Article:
Researchers have developed a technique using mathematical models and sensors to pinpoint passengers releasing hazardous materials or pathogens inside airline cabins to a single seat.
The technique could enable officials to identify passengers responsible for the unintentional release of germs, such as contagious viruses, or the intentional release of pathogens or chemical agents in a terrorist attack.
The research focuses on developing mathematical models for software that will be needed to operate such a tracking system and learning how to precisely place several sensors to accurately trace hazardous airborne materials back to the source.
The technique, called ‘inverse simulation,’ analyses how a material disperses throughout the cabin and then runs the dispersion in reverse to find its origin. Sensors track the airflow pattern and collect data related to factors such as temperature, velocity and concentration of gases and particles in the air. This is difficult to do, due to the area involved, and currently requires days of computing time.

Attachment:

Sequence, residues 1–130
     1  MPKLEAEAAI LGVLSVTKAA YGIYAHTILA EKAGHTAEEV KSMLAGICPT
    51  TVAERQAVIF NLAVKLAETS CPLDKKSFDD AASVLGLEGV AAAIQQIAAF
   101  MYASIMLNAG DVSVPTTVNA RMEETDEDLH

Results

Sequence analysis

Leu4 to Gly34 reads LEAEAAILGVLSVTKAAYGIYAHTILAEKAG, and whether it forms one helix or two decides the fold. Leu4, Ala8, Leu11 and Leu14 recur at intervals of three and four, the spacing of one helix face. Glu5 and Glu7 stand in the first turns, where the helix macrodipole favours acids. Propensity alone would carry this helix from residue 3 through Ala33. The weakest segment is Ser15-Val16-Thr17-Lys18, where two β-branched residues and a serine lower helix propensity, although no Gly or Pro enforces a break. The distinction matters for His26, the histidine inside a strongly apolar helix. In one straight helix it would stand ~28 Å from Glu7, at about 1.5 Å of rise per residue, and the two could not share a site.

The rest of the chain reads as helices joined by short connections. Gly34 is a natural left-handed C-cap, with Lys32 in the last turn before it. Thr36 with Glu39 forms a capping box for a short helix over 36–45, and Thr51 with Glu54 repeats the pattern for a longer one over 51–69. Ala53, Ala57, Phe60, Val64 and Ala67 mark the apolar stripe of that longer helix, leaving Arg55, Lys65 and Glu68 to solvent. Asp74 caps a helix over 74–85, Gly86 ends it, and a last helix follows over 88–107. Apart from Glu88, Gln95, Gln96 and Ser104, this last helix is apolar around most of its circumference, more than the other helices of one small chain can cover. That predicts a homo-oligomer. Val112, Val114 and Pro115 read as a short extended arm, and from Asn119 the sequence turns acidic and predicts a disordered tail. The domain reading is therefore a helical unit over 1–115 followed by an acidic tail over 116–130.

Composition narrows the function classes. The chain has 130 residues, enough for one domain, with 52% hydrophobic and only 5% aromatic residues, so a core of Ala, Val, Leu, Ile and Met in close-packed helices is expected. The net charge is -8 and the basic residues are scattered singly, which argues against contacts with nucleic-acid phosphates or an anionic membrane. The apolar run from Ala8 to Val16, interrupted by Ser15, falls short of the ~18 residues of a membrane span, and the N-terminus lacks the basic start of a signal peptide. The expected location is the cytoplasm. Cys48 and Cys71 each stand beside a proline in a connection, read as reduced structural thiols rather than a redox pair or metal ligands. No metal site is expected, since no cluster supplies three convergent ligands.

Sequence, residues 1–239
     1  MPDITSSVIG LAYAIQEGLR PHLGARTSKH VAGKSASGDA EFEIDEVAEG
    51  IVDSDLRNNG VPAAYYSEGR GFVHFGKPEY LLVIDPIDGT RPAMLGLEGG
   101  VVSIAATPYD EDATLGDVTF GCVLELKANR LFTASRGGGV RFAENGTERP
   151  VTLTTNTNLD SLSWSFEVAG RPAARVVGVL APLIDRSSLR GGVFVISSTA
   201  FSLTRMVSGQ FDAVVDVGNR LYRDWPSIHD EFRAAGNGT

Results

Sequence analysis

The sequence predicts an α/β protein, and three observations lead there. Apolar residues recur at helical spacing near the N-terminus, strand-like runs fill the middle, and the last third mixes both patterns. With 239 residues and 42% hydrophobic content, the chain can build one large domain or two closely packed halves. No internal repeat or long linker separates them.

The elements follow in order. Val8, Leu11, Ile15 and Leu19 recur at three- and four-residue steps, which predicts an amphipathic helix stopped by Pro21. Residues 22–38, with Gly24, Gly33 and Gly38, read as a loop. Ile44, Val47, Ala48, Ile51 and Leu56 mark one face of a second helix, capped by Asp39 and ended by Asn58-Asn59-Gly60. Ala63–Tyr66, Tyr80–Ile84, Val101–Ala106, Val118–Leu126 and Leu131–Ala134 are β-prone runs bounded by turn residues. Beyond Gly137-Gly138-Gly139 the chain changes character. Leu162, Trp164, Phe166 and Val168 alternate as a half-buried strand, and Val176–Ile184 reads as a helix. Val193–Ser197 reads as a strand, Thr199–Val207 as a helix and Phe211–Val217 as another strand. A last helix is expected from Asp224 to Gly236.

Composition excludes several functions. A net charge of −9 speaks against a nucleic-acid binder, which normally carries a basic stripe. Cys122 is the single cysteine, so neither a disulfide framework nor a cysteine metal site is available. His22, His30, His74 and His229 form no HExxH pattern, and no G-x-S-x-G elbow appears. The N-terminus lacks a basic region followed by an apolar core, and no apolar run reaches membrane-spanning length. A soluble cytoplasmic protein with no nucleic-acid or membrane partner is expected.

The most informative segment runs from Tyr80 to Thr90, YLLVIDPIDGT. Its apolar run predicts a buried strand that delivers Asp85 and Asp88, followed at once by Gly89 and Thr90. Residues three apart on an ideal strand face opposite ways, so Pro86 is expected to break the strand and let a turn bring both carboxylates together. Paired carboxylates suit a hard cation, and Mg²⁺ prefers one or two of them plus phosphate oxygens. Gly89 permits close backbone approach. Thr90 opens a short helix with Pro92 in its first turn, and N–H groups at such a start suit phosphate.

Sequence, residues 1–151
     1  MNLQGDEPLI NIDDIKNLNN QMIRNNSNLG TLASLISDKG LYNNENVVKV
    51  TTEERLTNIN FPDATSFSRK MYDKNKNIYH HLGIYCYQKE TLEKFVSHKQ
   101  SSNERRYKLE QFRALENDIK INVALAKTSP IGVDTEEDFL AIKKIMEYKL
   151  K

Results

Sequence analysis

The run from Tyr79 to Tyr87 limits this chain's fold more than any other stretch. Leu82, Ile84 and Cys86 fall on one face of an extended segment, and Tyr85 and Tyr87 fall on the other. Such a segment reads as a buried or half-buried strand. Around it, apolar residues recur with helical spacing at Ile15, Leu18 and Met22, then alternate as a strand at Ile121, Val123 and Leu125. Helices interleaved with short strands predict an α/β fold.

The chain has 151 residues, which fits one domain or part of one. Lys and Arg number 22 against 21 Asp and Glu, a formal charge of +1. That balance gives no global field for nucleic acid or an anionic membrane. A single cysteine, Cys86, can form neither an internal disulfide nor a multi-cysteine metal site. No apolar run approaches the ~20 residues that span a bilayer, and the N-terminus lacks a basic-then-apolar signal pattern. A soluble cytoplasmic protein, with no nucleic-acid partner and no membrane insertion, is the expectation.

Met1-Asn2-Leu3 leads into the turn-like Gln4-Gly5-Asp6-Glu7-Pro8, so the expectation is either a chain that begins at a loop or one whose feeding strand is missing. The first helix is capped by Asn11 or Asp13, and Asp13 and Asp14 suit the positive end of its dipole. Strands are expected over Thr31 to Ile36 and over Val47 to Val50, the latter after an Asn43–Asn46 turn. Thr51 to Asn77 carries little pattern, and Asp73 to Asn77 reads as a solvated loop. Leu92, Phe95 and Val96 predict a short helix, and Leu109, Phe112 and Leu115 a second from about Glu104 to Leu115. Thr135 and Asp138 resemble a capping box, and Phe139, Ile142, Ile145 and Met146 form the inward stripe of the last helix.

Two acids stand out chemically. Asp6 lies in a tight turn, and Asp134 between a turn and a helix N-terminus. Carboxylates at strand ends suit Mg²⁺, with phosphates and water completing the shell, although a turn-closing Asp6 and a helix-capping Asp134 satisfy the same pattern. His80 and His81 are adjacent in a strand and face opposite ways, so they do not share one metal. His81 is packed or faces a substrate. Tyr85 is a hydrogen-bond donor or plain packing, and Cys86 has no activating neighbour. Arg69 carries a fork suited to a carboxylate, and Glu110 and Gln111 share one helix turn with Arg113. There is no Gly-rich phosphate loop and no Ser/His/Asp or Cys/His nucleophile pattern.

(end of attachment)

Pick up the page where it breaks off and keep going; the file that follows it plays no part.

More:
The researchers recreated a commercial airliner’s passenger compartment, complete with rows of seating, in the lab. They used data from experiments in the lab to validate results from the computational models. The lab is equipped with three sensors and recreates the exhalation and body heat of passengers and an airliner’s linear diffuser environmental control system, which supplies fresh and recirculated air for passengers. Devices located on several seats reproduce body heat, and each has a tube that expels a gas to simulate passengers exhaling.
Future work will concentrate on speeding the computation time, with a goal of one day creating a system that alerts pilots in real time and pinpoints a contaminant’s source.